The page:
A Validation is a data type that represents if what validation errors occurred on data. It's basically an Array with some helpful methods. This is my favorite Algebraic Data Type, mainly because it was one of my gateways to Functional Programming, and another gateway to Total Functions (we'll cover those in the next Chapter, Part 7: Total Functions). More importantly, it can tell you all the things that went wrong with a function in excruciating detail. When you start composing large programs together, it is what negates the need for interpreting the stack trace (sometimes); you just read the validation errors to see what happened.

You use Validations to validate data. In typed languages, it can be used for data coming from outside effects, like web servers, files, and environment variables. It can also be used to ensure certain rules pass or fail. For dynamic languages, it can do that as well as double as a runtime type checker. For front-end develop, it can be used to validate user data like form input.

const Validation = require('folktale/validation')
const { Success, Failure } = Validation

const jesse = {
    name: 'Jesse Warden',
    clazz: 'Swashbuckler',
    hitPoints: 17,
    maxHitPoints: 22

const brandy = {
    name: 'Brandy Fortune',
    clazz: 'Cleric',
    hitPoints: 11,
    maxHitPoints: 11

const isHealthy = member =>
    (member.hitPoints >= member.maxHitPoints)
    ? Success(member)
    : Failure([`${} is not healthy.`])

// folktale:Validation.Failure({ value: ["Jesse Warden is not healthy."] })

// folktale:Validation.Success({ value: { name: "Brandy Fortune", clazz: "Cleric", hitPoints: 11, maxHitPoints: 11 } })

Adding Success and Failure

Like Maybe, the Validation has 2 sub-types, Success and Failure. They each hold 2 types of data. Success holds the data that validated successfully. Failure holds a list of validation errors, typically strings. If the data you're validating has 3 errors, the Array inside the Failure will have 3 String items.

Unlike Maybe, you can add these types together. Maybes can only chain or map 1 to 1 whereas Validators can be added together, specifically their Errors. It's similar to an Array concat method:

let errors = []
errors = errors.concat(['Not healthy.'])
errors = errors.concat(['Not a healer.'])

// [ 'Not healthy.', 'Not a healer.' ]

When you're running data validation, you're typically running a bunch of checks, not just one like the example of above. Like every, if all pass, it's considered a Success. If even just 1 fails, it's a Failure, and it will include only that failure in the Array.

Adding Success to Success always breeds Success when cows are involved:

const good = Success('🐮')
// folktale:Validation.Success({ value: "🐮" })

However, adding a Failure to a Success always ends up in Failure:

const bad = Success('🐥')
  .concat(Failure([`Wait, he's not a cow.`]))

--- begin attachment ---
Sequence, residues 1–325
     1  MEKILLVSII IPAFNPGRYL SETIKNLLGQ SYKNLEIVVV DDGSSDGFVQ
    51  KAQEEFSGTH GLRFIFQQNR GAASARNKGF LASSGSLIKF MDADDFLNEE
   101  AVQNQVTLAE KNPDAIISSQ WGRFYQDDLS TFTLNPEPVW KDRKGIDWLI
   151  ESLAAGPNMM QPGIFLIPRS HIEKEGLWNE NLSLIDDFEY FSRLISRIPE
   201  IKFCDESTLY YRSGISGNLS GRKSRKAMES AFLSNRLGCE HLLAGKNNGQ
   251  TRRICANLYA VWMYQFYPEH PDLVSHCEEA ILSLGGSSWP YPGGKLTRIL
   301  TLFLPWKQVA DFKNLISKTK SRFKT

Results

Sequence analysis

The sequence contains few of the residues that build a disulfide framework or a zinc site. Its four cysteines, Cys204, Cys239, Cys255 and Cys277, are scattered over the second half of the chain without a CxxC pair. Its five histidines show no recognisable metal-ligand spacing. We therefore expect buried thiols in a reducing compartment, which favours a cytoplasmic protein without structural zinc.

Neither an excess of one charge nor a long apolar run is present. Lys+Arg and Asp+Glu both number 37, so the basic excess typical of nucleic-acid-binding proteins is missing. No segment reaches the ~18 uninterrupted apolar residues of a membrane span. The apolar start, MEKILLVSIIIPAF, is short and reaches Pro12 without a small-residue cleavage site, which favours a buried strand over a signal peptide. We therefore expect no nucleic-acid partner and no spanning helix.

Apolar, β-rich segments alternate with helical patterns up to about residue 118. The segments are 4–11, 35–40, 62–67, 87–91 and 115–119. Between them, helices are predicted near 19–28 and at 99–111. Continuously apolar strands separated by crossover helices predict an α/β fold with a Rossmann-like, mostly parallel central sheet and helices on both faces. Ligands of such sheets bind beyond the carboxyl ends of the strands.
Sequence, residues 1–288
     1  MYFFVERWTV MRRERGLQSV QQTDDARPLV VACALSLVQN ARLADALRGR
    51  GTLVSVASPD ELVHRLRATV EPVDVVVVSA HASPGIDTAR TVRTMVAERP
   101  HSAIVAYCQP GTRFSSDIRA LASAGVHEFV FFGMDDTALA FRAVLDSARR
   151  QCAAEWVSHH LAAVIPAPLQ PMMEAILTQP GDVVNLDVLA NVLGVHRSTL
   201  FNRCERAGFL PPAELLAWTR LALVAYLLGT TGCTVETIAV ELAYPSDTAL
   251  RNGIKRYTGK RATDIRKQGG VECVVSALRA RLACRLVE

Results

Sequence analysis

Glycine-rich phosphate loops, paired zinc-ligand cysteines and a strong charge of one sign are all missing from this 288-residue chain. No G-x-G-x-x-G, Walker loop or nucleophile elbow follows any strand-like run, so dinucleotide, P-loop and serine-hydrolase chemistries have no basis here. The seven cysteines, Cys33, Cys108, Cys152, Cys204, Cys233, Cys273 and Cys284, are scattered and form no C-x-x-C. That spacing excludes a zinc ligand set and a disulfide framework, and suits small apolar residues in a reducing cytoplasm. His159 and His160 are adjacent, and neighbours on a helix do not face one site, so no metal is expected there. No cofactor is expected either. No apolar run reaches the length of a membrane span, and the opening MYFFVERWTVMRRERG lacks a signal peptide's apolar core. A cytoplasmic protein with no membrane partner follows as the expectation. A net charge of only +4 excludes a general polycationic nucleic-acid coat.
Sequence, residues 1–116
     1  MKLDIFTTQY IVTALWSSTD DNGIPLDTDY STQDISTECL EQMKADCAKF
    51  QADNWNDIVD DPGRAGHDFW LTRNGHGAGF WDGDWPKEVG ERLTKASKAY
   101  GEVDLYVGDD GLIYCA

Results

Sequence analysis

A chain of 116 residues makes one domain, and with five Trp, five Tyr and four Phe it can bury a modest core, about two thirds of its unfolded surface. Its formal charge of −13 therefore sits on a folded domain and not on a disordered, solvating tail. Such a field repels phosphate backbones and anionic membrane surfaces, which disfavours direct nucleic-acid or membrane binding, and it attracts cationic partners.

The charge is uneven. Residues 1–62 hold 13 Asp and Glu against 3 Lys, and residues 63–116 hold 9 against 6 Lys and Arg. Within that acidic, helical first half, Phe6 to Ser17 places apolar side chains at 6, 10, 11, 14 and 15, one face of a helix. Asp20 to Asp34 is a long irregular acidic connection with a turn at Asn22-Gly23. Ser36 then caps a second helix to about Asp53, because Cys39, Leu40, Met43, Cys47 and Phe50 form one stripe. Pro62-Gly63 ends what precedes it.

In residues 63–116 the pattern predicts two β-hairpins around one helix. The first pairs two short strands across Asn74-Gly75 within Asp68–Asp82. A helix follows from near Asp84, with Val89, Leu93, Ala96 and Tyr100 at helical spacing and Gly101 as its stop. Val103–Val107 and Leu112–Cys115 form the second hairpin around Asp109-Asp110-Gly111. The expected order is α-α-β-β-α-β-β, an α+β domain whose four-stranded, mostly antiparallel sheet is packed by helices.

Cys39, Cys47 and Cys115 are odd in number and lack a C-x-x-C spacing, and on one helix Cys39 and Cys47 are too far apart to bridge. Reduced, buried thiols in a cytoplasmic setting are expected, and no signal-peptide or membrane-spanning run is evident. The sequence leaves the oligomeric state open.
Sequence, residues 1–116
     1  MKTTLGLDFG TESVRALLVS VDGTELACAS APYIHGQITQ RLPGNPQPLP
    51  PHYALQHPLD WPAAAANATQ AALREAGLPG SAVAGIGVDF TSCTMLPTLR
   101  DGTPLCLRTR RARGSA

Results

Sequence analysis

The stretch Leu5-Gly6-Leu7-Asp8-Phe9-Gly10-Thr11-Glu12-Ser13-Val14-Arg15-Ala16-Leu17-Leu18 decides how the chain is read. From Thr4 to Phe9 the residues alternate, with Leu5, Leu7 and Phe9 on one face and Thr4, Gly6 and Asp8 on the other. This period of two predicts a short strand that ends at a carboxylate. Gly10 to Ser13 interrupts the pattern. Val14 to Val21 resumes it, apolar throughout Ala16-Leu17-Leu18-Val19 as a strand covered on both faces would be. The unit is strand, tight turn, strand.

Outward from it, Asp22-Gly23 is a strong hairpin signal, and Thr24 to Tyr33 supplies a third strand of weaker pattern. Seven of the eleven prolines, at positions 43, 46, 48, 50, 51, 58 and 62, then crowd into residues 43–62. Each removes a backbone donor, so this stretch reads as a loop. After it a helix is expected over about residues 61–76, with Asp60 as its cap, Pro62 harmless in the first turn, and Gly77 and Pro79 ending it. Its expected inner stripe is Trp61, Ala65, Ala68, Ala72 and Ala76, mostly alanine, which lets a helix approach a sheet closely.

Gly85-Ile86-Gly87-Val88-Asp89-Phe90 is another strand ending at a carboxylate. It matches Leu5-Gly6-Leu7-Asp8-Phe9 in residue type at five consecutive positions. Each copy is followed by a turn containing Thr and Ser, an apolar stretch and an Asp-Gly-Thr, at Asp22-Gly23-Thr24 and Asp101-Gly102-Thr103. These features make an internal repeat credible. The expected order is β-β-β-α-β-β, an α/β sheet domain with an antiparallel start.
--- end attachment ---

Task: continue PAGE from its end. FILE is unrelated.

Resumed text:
// folktale:Validation.Failure({ value: ["Wait, he's not a cow."] })

For every Failure you add, they'll be merged together:

const onlyTheErrorsMam = Success('🐮')
  .concat(Failure([`The wave function collapsed.`]))
  .concat(Failure([`Dude, seriously, there is no Shannon, this bartender has been yelling her name for an hour, super loud.`]))

// folktale:Validation.Failure({ value: [
//     "The wave function collapsed.", 
//     "Dude, seriously, there is no Shannon, this bartender has been yelling her name for an hour, super loud."] 
// })

Combining Validations

Typically you'll make functions that validate some data, and then combine them together. Below we'll try to find a healthy healer in our list of party members. The character class has to be Cleric, and the hit points have to be above 75%. If both are true, we have a healthy healer:

const isHealthy = member =>
  ((member.hitPoints / member.maxHitPoints) >= 0.75)
  ? Success(member)
  : Failure([`Hitpoints are lower than 75%, ${member.hitPoints}`])

const isCleric = member =>
    (member.clazz === 'Cleric')
    ? Success(member)
    : Failure([`${} is not a Cleric, they're a ${member.clazz}.`])

const isHealthyHealer = member =>

// folktale:Validation.Failure({ value: [
//     "Jesse Warden is not healthy.", 
//     "Jesse Warden is not a Cleric, they're a Swashbuckler."
// ] })

// folktale:Validation.Success({ value: { name: "Brandy Fortune", clazz: "Cleric", hitPoints: 11, maxHitPoints: 11 } })

In the above, Jesse is neither healthy, nor is his class a Cleric, so both validation errors are included. Brandy is both healthy and a Cleric, so her validation result is successful.

Pattern Matching

Like Maybe, you can pattern match the Validation using matchWith. For Success, the value will be whatever you passed in, and for Failure, it's the Array of validation errors you made (typically an Array of Strings):

      Success: ({ value }) =>
        console.log(`${} is a HH!`),
      Failure: ({ value }) =>
        console.log(new Error(value.join(',')))

You can use matchWith to create helpful validation predicates:

const isHealthyHealer = member =>
        Success: ({ value }) => true,
        Failure: ({ value }) => false

console.log(isHealthyHealer(jesse)) // false
console.log(isHealthyHealer(brandy)) // true


Validations are great for validating data and knowing exactly why it failed. When you're sanitizing your inputs in your API, you can provide wonderful feedback to yourself for debugging, and in your error messages to developers. For front-end development, it's a wonderful way to validate form fields, and to provide a lot of helpful error messages to users. For both, be as verbose as possible in the Failure to help debug validation later so there is no ambiguity why it failed. Learn more from the Folktale Validation documentation.

... omg, Shannon just showed up. Good thing I didn't say I was Shannon.

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